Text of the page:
Illustration by Whitney Griffith

Psychedelics show medical promise

After legislative change, Oregon researchers are on a trip of discovery

Almost two years ago, Oregonians overwhelmingly voted to decriminalize possession of most “hard” drugs. Ballot Measure 110 reclassified penalties for possession of various specified drugs such as oxycodone, methamphetamine, PCP, LSD and heroin, to name but a few. But looking beyond politics and the past, we come to the scope of psychedelics and pain management, which is one of the topics at the forefront of research about the properties of psychedelic usage with medical benefits. One of the types of pain that psychedelics have been looked into for treating is chronic pain.


Dr. James Carson, a clinical health psychologist at Oregon Health & Science University, put their non-recreational use into perspective. “Research shows that there’s sort of a reset in the brain and it’s very well known now, scientifically, and maybe not so well known by medical providers,” he said. “[Essentially], chronic pain conditions are basically a rewiring of the brain, [as it] echoes the pain condition through the nervous system in a way that makes it very difficult to treat and alter. Chronic pain is a maladaptive neuroplastic change. Maladaptive means it didn’t help and made things worse. Neuroplastic means there was a change in the brain from the constant bombardment of pain signals altering the brain.”


In addition to neural rewiring, other changes happen to the body and mind over the presence of chronic pain. Dr. Jason Luoma elaborated on the difficulty of chronic pain. “Part of what makes chronic pain so difficult is that people develop a lot of fear and anxiety around it,” he said. “They can get depressed as well when they, for example, see their life shrinking, as they restrict activities in order to avoid the pain… [sometimes they become] focused on the pain and start to really close down their life because of all the anxiety and fear, which can really make chronic pain turn into something much worse. However, I think at this point, there’s not a whole lot of evidence that psychedelics are helpful for chronic pain. I think the only thing I would say is that there’s, there’s not a lot of evidence at this point that psychedelics are effective treatment for chronic forms of pain, [only] anecdotal reports.”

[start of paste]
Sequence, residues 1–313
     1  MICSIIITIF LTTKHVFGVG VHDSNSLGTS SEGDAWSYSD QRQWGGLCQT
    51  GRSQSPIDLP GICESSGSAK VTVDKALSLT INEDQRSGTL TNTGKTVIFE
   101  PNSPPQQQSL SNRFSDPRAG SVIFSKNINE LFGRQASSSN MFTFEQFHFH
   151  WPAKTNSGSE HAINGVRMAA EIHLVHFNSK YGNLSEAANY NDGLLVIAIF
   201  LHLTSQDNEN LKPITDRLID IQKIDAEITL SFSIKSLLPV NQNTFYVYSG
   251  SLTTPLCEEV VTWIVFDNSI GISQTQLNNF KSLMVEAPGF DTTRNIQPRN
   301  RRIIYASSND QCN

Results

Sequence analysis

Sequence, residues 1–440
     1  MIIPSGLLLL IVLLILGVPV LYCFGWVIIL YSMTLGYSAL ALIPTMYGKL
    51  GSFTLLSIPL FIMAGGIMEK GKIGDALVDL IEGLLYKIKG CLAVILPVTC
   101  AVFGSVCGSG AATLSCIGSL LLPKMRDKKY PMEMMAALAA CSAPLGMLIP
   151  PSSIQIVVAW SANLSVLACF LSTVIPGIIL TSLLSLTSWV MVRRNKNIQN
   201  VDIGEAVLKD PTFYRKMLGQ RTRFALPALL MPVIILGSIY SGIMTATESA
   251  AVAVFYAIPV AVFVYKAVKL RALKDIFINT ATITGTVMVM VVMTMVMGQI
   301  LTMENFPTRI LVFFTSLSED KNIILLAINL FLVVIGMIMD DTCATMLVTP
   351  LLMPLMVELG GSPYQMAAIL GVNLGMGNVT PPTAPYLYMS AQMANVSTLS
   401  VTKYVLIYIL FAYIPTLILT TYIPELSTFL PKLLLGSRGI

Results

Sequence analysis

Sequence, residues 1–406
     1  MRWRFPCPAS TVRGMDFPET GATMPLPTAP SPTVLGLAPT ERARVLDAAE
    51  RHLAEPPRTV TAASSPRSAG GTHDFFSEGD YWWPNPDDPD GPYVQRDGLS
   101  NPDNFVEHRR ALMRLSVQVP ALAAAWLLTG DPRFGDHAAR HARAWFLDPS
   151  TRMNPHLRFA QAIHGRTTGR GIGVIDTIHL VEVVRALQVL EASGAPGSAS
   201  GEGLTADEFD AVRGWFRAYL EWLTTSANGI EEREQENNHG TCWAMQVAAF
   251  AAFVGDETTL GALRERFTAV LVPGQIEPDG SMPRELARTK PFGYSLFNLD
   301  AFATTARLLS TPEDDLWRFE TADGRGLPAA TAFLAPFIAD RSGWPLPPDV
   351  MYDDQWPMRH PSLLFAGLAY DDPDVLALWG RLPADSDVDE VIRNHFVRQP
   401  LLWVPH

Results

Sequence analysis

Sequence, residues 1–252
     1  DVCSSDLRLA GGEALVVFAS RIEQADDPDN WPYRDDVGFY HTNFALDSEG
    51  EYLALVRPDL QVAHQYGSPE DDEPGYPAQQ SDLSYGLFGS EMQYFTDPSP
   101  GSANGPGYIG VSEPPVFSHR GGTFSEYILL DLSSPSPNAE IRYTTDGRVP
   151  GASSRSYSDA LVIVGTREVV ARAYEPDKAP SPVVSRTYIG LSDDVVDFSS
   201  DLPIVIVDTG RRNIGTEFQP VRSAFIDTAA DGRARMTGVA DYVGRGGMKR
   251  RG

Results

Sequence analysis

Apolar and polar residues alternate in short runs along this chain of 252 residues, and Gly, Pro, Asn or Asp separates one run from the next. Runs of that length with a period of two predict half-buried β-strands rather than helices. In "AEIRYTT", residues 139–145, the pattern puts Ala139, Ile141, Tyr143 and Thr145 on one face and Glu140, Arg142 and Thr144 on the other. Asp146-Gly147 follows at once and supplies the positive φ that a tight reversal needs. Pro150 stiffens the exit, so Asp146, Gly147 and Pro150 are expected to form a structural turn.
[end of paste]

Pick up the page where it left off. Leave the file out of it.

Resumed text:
But pain can be physical or psychological, or in many cases, both. “There’s a lot of studies that show that emotional pain and physical pain are [activated in] the same parts of the brain,” said Dr. Chris Stauffer, an assistant professor of psychiatry at OHSU. Despite a lot of research in regards to pain and neurology, Dr. Stauffer said that there’s not much research looking at MDMA’s relationship with physical pain, but there are psilocybin trials observing pain management with those substances.


However, there’s more to potential psilocybin uses than just treatments for pain. When asked about whether there were characteristics of certain diseases that would make them a good candidate for psilocybin-assisted treatment (PAT), Dr. Carson brought it back to the organ that is the main catalyst for everything associated with psilocybin’s effects—the brain. “Everything in human experience is processed through the brain and the central nervous system, which is the underlying factor,” he said. “For example, back in the sixties and seventies, a lot of studies were done. LSD and psilocybin were demonstrated to be very powerful for addictions. These new studies are going back and saying, okay, those studies work, let’s do some better studies and those are ongoing. And the results are still very good. For impact, nothing comes close to psilocybin and being able to help people leave smoking behind.”


As Dr. Carson outlined, evidence for the benefits of psilocybin has been around for decades, and even though progress has started and halted several times over the years, testing has been renewed through more recent trials and authorization. In his research, Dr. Carson is also looking into mindful yoga and meditation combined with psilocybin assistance.


“It’s also the case that we know things like meditation and gentle yoga and other soothing practices decrease pain,” Dr. Carson said. “They’re altering the nervous system in a beneficial way. We know that these practices are effective through multiple trials across different conditions so we’re proposing to combine psilocybin to mindful yoga. In that case, we know we’re testing something that is effective, and then we compare the results [of psilocybin-assisted mindful yoga] to see if the combination is more effective than just the mindful yoga [alone].”


Many experts are hopeful that through renewed scientific research on psilocybin and psychedelics, we can learn a lot about pain and how these substances treat it. Despite some positive news about the connection between the two, more research and trials need to be done.